Patricia McCowan

Writer, reader, walker.

Authors for Indies

ella minnow

One of the places where I feel most at home (aside from, uh, my home) is in a bookstore. More specifically, an independent bookstore. The beauty of independent bookstores is that no two are alike; they all have their specific quirks and charms, their unique categories for organizing their shelves, their varied (but invariably knowledgeable) staff. There’s no better place for book-buyers. So I’m happy to do my small part to help independent bookstores stay in business. I indulge my book-buying habit at indies. And on Saturday, April 30, I get to take part in Authors for Indies at the beautiful Ella Minnow Books in my Toronto neighbourhood! I’ll be there from 12:00 to 2:00 that day, recommending some of my fave books for young readers. Join me. Buy some books. Be part of a passionate community of book writers, book readers and book sellers!

Upstaged!

upstaged cover

“Another Op’nin’, Another Show … ” *

It’s been decades since I set foot on a stage as an actor, but the excitement and nerves that an opening night can trigger are still alive in my blood. Launching a new book may not carry the same sense of immediacy as a first entrance onstage—I can’t hear my readers waiting out there just beyond the edge of the stage, chatting and rustling programs—but it’s still exciting. And, yes, a little nerve-wracking.

Today is like opening night for my novel Upstaged. It’s publication day! After all the preparation (also known as “writing the book”) and backstage work (here’s to you, writing group, editor Robin Stevenson, and the designers, production editors and marketing people at Orca Book Publishers), my characters Ellie, Gregor, Marissa, Shantel and others are ready to sing and dance their way across the stages of your imaginations. I hope you enjoy the show. I certainly enjoyed channeling all my old emotions about what it’s like to be in a play into this story. And I don’t miss worrying about whether I’ll make it through a lightning-fast costume change in time for my next cue! Writers are lucky that way.

Upstaged is available directly from Orca; online in both print and e-book formats at Indigo.ca and Amazon.com; and at wonderful independent bookstores such as Ella Minnow Books (where I’ll be for Authors for Indies on April 30).

* Title of the opening number to the Cole Porter musical, Kiss Me Kate

Winter Afternoons at the Library

It’s a cold January afternoon, and I’m just back from the library. I went looking for a particular book and, after browsing nearby shelves, came away with that book and two others that looked interesting. Browsing is the best! And there’s something deliciously cozy about leaving the library with a small stack of books on a winter’s afternoon. The anticipation of getting back home to a warm cup of tea and some time spent paging through my reading stash – that’s a feeling that never gets old.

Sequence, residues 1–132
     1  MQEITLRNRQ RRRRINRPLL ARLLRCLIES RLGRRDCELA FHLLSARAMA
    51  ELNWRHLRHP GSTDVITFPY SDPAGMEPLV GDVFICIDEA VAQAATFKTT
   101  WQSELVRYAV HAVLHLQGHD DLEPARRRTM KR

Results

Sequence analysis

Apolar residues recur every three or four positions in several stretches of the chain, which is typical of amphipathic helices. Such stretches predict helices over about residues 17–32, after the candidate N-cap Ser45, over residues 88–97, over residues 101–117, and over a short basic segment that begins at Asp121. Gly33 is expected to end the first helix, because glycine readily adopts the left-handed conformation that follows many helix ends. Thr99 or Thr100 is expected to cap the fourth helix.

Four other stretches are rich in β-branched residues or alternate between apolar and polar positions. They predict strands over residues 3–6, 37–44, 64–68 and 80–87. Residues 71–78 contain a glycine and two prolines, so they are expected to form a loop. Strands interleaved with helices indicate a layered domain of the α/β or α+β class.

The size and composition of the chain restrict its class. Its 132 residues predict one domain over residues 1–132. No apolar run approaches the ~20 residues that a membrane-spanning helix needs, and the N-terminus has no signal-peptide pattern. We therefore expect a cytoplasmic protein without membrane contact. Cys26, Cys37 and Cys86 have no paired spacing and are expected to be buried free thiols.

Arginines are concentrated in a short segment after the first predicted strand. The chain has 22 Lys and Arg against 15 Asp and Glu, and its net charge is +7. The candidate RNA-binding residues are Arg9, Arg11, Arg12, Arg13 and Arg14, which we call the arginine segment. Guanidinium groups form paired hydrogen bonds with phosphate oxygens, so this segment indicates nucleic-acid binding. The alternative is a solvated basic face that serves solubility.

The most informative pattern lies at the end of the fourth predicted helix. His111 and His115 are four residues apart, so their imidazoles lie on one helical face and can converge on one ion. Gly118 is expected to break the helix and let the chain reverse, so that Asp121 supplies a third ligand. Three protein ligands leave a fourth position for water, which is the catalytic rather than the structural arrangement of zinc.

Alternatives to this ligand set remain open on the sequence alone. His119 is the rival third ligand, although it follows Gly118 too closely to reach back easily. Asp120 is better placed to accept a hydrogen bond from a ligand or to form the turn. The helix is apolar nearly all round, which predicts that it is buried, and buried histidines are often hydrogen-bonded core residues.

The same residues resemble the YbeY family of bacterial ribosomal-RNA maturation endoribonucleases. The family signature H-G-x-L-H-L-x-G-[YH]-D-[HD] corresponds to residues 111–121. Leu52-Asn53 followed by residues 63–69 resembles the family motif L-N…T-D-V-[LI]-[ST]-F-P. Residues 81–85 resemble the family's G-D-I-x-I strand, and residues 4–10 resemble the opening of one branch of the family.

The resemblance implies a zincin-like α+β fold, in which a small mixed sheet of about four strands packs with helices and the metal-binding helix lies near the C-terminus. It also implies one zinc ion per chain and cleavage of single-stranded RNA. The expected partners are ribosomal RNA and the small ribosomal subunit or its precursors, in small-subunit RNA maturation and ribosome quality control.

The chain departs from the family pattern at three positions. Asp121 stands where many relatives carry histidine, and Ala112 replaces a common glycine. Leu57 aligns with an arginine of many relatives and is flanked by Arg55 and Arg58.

What that feeling reminds me of most are the countless winter afternoons I spent with my daughters when they were small and I needed to find ways to keep them entertained when things got too cold outside. We’d trek to our local library branch (side note: pushing a stroller over snowy, un-shoveled sidewalks is a huge workout!) and spend an hour or so pulling picture books off the shelves, reading some there, setting some aside to take home. It was wonderful to know we had such easy access to a pretty much endless supply of books – all for free! The library made a long winter a little more bearable.

Now my daughters are 20 and 16. The oldest one texted me yesterday from her art-school university library about some research she was doing. The youngest mentioned working over the lunch hour on a project at her high school library. I’d like to think that as they work their way towards their futures, they remember those old, warm feelings that come from spending an hour or two with their mom, surrounded by books.

Time to put the kettle on; I’ve got some library books to explore!

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New Year, New Book

I’m going to go out on a limb here and declare that, for a writer, knowing you have a new book coming out soon is the best way to start the new year. Okay, I suppose the best, best way for a writer to start the new year (or day, or week, or month) is to WRITE. But having a finished book is a very close second-best. As Dorothy Parker said, or wrote, “I hate writing; I love having written.”

So what have I written? Upstaged, for Orca Book Publishers’ Limelights series. Like my first book, Honeycomb, it looks at what it takes for a young person to immerse herself in a particular performing art. Upstaged puts readers front and center in the world of a youth musical theater company. Here’s how Orca’s Spring 2016 catalogue describes the story:

 Ellie is used to getting leading roles in her small-town school’s musicals, but her place at center stage disappears when her dad becomes the host of a breakfast TV show and they have to move to the big city. When Ellie auditions for – and lands – a spot with the Youth Works Theater Company, she comes up against a tight-knit group of talented, experienced and competitive triple-threat performers.

Upstaged officially launches April 12, 2016. I can’t wait – so it’s a good thing I get to sign some pre-release copies of the book at the OLA (Ontario Library Association) Super Conference this month! I’ll be at the Orca booth with my favorite pen on Friday, January 29 at 10:00 am, signing books for librarians. I can’t think of a better way to start the new year.